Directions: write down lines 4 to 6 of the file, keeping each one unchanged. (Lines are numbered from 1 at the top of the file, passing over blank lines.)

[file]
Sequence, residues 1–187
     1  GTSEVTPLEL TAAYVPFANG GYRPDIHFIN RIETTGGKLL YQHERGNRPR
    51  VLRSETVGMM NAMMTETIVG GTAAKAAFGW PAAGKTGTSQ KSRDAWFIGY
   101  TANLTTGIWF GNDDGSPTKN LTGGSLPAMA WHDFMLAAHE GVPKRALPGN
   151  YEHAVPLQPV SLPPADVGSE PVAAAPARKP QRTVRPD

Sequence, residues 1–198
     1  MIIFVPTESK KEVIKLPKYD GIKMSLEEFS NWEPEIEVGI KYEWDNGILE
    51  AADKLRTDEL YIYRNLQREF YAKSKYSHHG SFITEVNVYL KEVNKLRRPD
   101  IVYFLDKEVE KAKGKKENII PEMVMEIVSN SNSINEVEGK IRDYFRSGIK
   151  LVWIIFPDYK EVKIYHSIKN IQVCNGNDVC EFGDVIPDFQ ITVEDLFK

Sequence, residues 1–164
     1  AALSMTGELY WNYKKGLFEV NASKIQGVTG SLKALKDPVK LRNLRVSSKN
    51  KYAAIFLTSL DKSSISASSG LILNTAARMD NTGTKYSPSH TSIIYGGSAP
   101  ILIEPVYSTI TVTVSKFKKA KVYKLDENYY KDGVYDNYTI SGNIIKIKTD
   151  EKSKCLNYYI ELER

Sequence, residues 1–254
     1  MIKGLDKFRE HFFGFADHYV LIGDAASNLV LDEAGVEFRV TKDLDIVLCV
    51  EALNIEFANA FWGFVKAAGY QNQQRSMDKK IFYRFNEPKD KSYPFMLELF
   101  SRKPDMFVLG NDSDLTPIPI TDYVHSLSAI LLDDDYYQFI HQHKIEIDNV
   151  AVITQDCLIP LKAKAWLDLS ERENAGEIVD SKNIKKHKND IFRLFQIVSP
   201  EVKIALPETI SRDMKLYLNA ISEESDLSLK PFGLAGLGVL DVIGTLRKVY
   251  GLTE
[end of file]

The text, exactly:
   101  TANLTTGIWF GNDDGSPTKN LTGGSLPAMA WHDFMLAAHE GVPKRALPGN
   151  YEHAVPLQPV SLPPADVGSE PVAAAPARKP QRTVRPD

Sequence, residues 1–198